GENEVA - The International Air Transport Association (IATA) announced global passenger traffic results for July showing strong but moderating demand growth. Total revenue passenger kilometers (RPKs) rose 6.8%, compared to the same month last year, down from 7.7% year-over-year growth recorded in June.
All regions reported solid or better growth in passenger volumes over the past year. Capacity (available seat kilometers or ASKs) increased by 6.1%, and load factor rose 0.6 percentage points to a July record of 84.7%.
"As is evidenced by the record high load factor in July, the appetite for air travel remains very strong. However, the stimulus effect of lower fares is softening in the face of rising cost inputs. This suggests a moderating in the supportive demand backdrop," said Alexandre de Juniac, IATA’s Director General and CEO.
International Passenger Markets
July international passenger demand rose 6.2% compared to July 2016, which was a slow-down compared to the 7.6% growth recorded in June. Total capacity climbed 5.5%, and load factor edged up 0.5 percentage points to 84.6%.
European carriers posted a 7.5% rise in traffic for July compared to a year ago, down from 8.8% annual growth in June. Capacity rose 5.9%, and load factor climbed 1.3 percentage points to 88.7%, highest among the regions. The economic backdrop in Europe has strengthened; however, on a seasonally-adjusted basis, the upward growth in travel demand has moderated sharply since February.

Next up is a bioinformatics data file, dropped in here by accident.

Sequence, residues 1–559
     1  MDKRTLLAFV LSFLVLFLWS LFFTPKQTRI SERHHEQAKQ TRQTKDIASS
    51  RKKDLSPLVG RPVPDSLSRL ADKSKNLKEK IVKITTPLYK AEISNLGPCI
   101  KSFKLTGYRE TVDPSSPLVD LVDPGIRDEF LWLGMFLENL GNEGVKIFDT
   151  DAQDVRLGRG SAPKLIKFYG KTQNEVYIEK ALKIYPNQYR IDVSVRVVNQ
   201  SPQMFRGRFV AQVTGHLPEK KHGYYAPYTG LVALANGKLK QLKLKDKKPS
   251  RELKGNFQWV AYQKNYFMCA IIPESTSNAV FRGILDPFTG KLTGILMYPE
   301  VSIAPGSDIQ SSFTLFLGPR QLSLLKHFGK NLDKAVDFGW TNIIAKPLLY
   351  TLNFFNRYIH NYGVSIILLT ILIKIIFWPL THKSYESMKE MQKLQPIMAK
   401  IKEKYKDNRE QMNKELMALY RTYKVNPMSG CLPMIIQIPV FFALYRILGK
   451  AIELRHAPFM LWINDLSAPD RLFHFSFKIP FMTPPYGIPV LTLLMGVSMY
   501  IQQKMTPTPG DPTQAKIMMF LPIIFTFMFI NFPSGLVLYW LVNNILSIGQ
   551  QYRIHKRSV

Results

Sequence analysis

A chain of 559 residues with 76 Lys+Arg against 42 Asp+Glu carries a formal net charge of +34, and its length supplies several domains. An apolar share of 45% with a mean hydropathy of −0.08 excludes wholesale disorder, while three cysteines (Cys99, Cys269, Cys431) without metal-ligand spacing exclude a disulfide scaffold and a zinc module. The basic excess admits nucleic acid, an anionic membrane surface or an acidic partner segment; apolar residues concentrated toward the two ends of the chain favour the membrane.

Asia-Pacific airlines’ July traffic rose 5.9% over the year-ago period, a deceleration compared to June growth of 8.8%. As with Europe, carriers in the Asia-Pacific region are seeing a slowing of demand growth. Capacity increased 6.7% and load factor slipped 0.6 percentage points to 81.0%.
Middle East carriers had a 4.5% increase in demand for July. This was an acceleration from the 3.6% annual growth seen in June, but was still well off the 5-year average pace of 11.2%. The Middle East to North America market has been affected by a combination of factors in 2017, including the recently-lifted cabin ban on large portable electronic devices, as well as a wider impact from the proposed travel bans to the US. Traffic growth on the Middle East-US route was already slowing in early 2017, in line with a moderation in the pace of expansion of nonstop services flown by the largest Middle Eastern airlines. July capacity climbed 3.6% compared to a year ago and load factor rose 0.7 percentage points to 81.5%.